NLP In Action – How To Create Super Motivation (Part Five)

Instant motivation is a reality. As we have seen in the previous four articles of this series, science of NLP (neuronal programming) can offer you ways to connect tasks or activities that you do not like to do (and then turn off or avoid doing at any time) for activities which you feel extremely pleasing. This connection allows you to experience much of the same pleasure when you are doing what you have previously avoided.

Once this link is complete, your biggest problem will make you stop doing this once a fear.

In our previous articles, we have imagined that you are a college student with real issues to get you to learn. At the same time, we have imagined you are pregnant with skiing. Every year you can not wait for the winter to come and the first snow falls so you can get on the slopes.

In our example, we have shown how you can create an occasion to convey something of the same pleasure you get from skiing to help you learn more.

In many cases, NLP technology works to create power plants just this easily and you can complete the process and create stimulating links within less than half an hour.

But what if you can not remember anything that you like as our imaginary student enjoys skiing? Remember that the key to this technique to work is to connect more pleasure to this goal than you have previously found a pain in it.

Let me put this differently. Whenever you find yourself avoiding or disabling a task or activity, that's why you avoid it because you associate something uncomfortable or "painful" with this activity.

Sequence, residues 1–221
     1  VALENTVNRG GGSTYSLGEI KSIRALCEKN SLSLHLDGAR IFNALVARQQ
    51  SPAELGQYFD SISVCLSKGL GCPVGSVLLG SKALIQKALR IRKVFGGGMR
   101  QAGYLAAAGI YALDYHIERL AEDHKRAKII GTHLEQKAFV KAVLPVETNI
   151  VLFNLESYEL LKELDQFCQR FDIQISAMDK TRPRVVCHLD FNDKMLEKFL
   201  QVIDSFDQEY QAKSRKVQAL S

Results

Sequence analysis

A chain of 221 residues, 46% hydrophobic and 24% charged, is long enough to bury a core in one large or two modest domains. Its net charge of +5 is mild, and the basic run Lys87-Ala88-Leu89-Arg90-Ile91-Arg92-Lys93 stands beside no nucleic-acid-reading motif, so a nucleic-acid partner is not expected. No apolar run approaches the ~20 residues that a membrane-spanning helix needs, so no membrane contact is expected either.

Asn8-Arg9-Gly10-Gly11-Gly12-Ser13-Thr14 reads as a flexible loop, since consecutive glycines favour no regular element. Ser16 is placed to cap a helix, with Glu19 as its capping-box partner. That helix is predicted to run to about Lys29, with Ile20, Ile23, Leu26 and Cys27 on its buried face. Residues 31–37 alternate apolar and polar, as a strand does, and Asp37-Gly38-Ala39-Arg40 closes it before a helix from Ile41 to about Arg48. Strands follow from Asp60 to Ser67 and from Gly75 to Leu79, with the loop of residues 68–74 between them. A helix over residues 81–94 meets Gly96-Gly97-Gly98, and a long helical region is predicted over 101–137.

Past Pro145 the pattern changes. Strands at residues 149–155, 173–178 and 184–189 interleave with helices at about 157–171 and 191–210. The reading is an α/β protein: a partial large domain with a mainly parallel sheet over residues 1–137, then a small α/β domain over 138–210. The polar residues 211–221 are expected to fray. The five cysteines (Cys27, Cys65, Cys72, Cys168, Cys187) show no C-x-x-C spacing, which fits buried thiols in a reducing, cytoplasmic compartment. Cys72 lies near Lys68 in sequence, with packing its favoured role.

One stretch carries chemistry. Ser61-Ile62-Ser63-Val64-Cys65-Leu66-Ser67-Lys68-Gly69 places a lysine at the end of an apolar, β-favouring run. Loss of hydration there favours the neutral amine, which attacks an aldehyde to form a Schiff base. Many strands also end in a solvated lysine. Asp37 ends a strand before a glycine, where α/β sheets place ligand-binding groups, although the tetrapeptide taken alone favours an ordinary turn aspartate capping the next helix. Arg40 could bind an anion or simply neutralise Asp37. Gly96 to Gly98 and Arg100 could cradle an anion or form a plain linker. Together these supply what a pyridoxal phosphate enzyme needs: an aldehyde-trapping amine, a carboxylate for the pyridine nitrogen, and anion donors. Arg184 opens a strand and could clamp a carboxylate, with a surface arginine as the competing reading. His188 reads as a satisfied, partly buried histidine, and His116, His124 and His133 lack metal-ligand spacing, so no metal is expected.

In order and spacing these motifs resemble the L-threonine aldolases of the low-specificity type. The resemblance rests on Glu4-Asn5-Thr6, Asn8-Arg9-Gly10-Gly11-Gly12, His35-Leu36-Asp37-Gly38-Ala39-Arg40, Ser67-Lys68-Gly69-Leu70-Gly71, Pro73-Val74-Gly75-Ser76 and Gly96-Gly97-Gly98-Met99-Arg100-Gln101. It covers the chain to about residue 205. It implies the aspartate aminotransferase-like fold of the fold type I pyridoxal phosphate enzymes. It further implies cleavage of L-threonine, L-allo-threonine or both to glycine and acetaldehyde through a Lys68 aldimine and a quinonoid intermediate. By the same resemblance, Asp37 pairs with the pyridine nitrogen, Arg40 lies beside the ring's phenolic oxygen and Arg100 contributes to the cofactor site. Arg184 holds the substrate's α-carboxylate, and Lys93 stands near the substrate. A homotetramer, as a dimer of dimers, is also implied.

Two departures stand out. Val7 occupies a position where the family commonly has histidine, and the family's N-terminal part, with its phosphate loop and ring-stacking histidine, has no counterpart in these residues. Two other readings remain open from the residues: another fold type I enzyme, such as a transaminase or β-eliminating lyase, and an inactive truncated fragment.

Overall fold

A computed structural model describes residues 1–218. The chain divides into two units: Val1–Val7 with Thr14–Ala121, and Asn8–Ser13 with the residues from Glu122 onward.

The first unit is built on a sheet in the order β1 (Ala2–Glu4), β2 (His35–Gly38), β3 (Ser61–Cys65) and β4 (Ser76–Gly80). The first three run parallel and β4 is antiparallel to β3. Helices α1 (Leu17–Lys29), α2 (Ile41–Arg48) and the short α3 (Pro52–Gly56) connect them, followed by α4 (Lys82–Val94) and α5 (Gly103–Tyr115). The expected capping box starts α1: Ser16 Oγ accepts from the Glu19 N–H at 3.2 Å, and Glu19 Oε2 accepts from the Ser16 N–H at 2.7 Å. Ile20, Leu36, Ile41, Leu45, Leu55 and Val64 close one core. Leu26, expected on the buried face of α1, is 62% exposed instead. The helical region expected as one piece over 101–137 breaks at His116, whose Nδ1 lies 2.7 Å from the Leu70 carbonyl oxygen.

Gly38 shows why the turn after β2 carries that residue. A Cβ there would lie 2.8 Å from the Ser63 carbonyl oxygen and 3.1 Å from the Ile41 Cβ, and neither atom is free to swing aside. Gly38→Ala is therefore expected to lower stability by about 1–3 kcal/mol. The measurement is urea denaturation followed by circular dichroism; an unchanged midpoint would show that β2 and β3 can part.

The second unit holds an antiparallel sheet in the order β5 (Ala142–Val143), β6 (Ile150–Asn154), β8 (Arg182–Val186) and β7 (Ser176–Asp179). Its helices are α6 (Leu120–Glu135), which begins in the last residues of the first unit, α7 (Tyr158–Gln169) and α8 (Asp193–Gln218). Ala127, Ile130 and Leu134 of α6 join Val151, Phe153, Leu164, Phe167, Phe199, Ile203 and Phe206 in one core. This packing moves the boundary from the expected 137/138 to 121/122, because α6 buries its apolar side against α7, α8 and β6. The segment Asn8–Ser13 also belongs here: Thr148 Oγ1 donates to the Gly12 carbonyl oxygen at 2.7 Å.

In order to conquer this behavior, you must create a link where the pleasure of other experiences adds to the pain or incompatibility of the activities you have avoided.

Many of us, unfortunately, can not think of activities that give us much pleasure, otherwise our ability to visualize is limited to the fact that we can not recreate the perception of pleasure when we try to keep this in mind.

Fortunately, NLP scientists have identified three ways to overcome this problem, which we will discuss further in future articles in this series:

  1. The first method is called "stacking". This simply means that if one focused component is not strong enough to counteract the pain of avoiding activity, we use some pleasing factors and "stack" them until they combine to provide enough satisfaction that we can relate to counteract avoid behavior.
  2. The second method is multi-sensory visual. When someone can not create a visual image that is pleasing to suit our purpose, it's often the reason for being visually flat and dull. It's like the man can only see in black and white, no sound, smell or feel. But with some simple instructions, most people can be taught to use more senses (colors, sounds, odors, feel, etc.). When viewed, create a physical emotional effect as a result.
  3. Last technology is hypnosis. Almost everyone has a wide range of fun experiences that are stored in their brain that can be used to offset any unpleasant relationship. The problem that many people have is remembered. Fortunately, some simple self-help instructions are usually enough to help these people access this enjoyable experience.

Indeed, this problem is finding a satisfying experience that is strong enough to offset the inconvenience associated with the target audience. This is very easy to solve. In the next articles we will discuss how it is done.


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